I liked the chant that included movement: air my breath and fire my spirit, earth my body, water my blood.  And don't forget the Pagan Pokey!  I also really liked the chant that integrated several different chants as a sort of round: we would be together in the same rhythm and flow, choosing different words as inspiration struck:

Goddess/God Chant
Old People/New People
Diana of the Hunt
We All Come From the Goddess (sped up a little!)
Kore Chant - chorus
We are a Circle - chorus

It sounds kind of crazy and chaotic, each person choosing what to sing/chant, changing it up as desired; but actually it worked very well every time.  It was sort of like a vocal drumming circle: everyone doing their own thing, but following the same beat made our efforts merge and blend into a unified verbal dance.  Wonderful!

The energy was clean and delicious and all around us.  I would be suffused with it and washed clean of any icky, sticky energy and filled with spirit and light and pure happiness.

I don't know why it worked so well; the company, the time of our life, the time of the world, who can say?  It was truly magical.

J’s recollection:

I was asked by Alan to write something about chant jam and what it meant to me. I did not know how to explain, the way the act of group singing has influenced my path in life. I was a student of Alan’s when chant jam started. In my opinion, it was a way of getting people together to run energy without running into the politics that can get in the way when people of various beliefs come together. It was fun, and for me, very enlightening. I began to realize that the vibrations that were created affected people in ways that could not be simply explained. I wanted to understand how singing could make me feel so good. Not just uplifted but physically better. Sleep better, more focused and general aches lessened. So this question lead me to, in my first year of my masters program in acupuncture, write a research paper on the subject. What I found was that there are many correlations between the rhythms and sound patterns that are used in chants and the functions of our brains. That vital body functions are aided and maintained by rhythm and vibration. There are some great books out on the subject if you wish to research this further.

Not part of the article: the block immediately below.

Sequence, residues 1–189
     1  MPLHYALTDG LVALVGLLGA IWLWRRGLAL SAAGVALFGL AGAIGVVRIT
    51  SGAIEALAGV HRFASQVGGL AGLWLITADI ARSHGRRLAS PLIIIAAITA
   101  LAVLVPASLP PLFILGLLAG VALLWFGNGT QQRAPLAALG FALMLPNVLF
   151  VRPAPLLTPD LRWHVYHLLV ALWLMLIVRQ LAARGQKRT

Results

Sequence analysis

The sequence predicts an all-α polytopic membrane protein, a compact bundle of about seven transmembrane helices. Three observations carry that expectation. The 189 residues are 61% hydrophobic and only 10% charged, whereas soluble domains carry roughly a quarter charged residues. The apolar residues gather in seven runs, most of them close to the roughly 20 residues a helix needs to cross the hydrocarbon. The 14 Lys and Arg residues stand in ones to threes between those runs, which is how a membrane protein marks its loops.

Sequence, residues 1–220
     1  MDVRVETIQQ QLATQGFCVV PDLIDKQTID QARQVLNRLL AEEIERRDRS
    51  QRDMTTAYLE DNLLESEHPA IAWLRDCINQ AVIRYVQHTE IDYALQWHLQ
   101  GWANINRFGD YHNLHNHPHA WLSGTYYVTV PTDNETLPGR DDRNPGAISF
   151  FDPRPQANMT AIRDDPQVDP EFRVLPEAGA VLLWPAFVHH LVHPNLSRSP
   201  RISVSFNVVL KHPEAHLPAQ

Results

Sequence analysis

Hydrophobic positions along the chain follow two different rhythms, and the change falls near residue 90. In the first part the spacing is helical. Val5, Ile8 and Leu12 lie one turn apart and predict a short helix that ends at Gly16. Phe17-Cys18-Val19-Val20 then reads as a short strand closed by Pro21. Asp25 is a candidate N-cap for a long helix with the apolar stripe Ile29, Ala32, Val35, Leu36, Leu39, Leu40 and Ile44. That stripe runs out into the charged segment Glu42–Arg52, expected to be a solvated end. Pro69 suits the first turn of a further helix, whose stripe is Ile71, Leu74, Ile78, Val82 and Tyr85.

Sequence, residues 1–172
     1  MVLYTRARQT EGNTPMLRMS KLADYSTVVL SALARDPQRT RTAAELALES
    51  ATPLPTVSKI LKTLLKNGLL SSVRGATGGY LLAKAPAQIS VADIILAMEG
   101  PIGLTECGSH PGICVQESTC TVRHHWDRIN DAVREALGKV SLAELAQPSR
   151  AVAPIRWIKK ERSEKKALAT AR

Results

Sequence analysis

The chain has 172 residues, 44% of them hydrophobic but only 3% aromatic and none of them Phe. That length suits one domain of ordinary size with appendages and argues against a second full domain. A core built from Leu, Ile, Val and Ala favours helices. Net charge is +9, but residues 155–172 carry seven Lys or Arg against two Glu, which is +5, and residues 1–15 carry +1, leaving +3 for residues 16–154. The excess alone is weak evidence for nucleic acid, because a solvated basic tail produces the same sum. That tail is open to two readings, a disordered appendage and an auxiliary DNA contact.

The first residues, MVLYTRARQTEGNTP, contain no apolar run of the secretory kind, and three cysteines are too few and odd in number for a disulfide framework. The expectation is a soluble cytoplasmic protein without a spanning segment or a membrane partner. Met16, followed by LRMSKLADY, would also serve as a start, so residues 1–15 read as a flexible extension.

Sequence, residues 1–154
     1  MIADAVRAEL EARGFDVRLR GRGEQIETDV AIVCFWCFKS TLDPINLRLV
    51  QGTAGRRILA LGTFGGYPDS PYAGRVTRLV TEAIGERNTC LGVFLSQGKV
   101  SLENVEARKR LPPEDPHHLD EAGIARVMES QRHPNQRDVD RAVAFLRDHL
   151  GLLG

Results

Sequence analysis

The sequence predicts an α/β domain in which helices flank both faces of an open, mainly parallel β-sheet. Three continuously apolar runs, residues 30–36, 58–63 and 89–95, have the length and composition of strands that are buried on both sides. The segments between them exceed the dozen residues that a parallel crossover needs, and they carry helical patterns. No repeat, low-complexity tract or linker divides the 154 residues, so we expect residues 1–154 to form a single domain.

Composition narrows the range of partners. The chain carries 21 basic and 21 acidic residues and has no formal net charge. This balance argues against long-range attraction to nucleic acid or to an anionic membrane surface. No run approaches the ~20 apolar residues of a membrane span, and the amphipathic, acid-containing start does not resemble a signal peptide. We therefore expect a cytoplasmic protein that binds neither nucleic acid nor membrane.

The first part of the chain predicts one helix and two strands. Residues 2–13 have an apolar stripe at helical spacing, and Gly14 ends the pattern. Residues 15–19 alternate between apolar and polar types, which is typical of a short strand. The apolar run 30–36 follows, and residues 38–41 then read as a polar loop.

I don’t think when I was singing and laughing and having a great time all those years ago I understood where it would lead me. I am almost sure Alan still does not cognize the impact those gatherings had on everyone. Thank you friend.

Thank you both for your contributions!  Chant Jam was really magical for my community, both for social networking (pre-Internet) and sharing energy.  It was a place and time for people from various pagan traditions to meet, relax, and have fun singing.  People who couldn’t carry a tune in a bucket were happy clapping, stomping, drumming, and shaking rattles and we loved that contribution because it just added to the joyous energy we were all sharing.  Like K said, you walked away from Chant Jam cleansed and uplifted.  And I agree with J’s assessment that after Chant Jam I was sleeping better and my body was happier.  At one point, we had people bringing their kids, or driving 2 hours from the San Francisco area up to Sacramento to join us.